The Visioning Document: Is It Still Leading Our Thinking?
In 2006, a group of 35 visionary school superintendents gathered to start thinking about the future of Texas education. They were progressive, but frustrated, and believed their current systems could be improved. They were challenged with letting go of the status quo, and truly focusing on what could be, not what was. They represented a cross section of Texas, and agreed to debate in order to
The document was published in May 2008 by TASA. The authors of these Articles for the future of public education in Texas are commonly referred to as the 'founding fathers' much like the visionaries who drafted our Declaration of Independence. The result was profound in that they put in writing what is often discussed in small circles, but needed to be expressed collectively, and with formality. Some of their ideas received attention and have begun to gain some traction. We see this in student choice associated with HB 5 endorsement areas, and with the recent multi-district lawsuit regarding funding (albeit denied). Like all visionaries, not everything stated in the document was met with popularity. However, their collective wisdom reached consensus and represented over 1.2 million Texas students at the time.
While this document was being written, I served as the district academic leader, reporting to one of the founding fathers, in a large suburban school district in Houston. Conversation always ensued about what he was thinking, and how we were to make it reality. He probed and tested the theories that were emerging from the group. We debated 'What if_' and 'Why is that_' on a daily basis, especially as he prepared for what he called the next 'visioning session' and upon his return. I watched him smile with affirmation about the progress they made, and hang his head with increased frustration that what was discussed would not occur during his tenure as Superintendent of Schools. As he would say, the 'world is not ready for what students need' in education. We had much discourse over the topics that resulted in each of the Articles, while he charged me with ensuring that we kept our focus on what was truly best in education, and to be true to our beliefs, because there would always be critics.
He made me think, question, and problem-solve. He made me design what did not exist, and demanded that we do it the right way, not just the way others had done it before us. We were transforming while living in the wilderness, searching for Egypt. It was truly a journey.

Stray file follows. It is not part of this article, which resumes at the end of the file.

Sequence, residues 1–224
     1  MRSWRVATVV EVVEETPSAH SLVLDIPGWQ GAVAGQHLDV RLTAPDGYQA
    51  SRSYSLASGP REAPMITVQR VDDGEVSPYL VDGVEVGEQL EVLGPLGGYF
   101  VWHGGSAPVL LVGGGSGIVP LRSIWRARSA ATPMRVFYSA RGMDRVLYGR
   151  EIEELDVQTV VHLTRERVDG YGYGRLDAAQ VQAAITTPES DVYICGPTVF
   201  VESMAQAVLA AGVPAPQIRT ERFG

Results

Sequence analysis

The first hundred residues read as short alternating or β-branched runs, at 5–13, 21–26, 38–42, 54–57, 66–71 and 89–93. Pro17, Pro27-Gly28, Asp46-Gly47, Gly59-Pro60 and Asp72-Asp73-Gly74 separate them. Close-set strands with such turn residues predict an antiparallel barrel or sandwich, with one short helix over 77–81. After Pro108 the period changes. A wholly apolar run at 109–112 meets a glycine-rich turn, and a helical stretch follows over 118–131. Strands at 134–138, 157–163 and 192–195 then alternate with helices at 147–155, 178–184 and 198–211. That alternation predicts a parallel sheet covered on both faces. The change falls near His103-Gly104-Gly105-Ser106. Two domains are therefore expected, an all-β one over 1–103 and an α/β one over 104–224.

So, why in 2017 do I ask you to think about something published in 2008? Scholars know that current work should drive the next generation of research questions; however, the vision conceived by these founding fathers has not yet been fully realized while we continue to debate many aspects of the current educational system. I ask you to read the document in full to determine what should be, compared to what is.
I find comfort in The Visioning Document when I work to ensure educational pedagogy is alive and well in our designs. Working with our clients, I first want to safeguard that we, as a firm, are clear on what goals each has as they relate to educational priorities. I pull out my worn copy and make connections to the Articles before proceeding with the design team by first asking myself questions about the connections or disconnections prior to making suggestions as they impact design. I reflect on my many conversations that led me to understand the powerful content, and apply them as I work collaboratively with a design team. The work of the founding fathers never leaves my mind.
I left the annual TASA MidWinter Conference feeling inspired, although much was touted about the issues the legislature will address. I heard a variety of speakers referencing The Visioning Document. They understand; they 'get it.' They are a younger generation of leaders working to achieve the intentions of those who made a statement through their beliefs. I also had a profound conversation with a colleague who is working on a team to keep the spirit of the founding fathers alive by creating an interactive tool to achieve the very things The Visioning Document beckons. I am appreciative of Mission: School Transformation, where the work of these educators is based on The Visioning Document. I thank TASA for keeping the work alive. I still have hope_and hope is a good thing.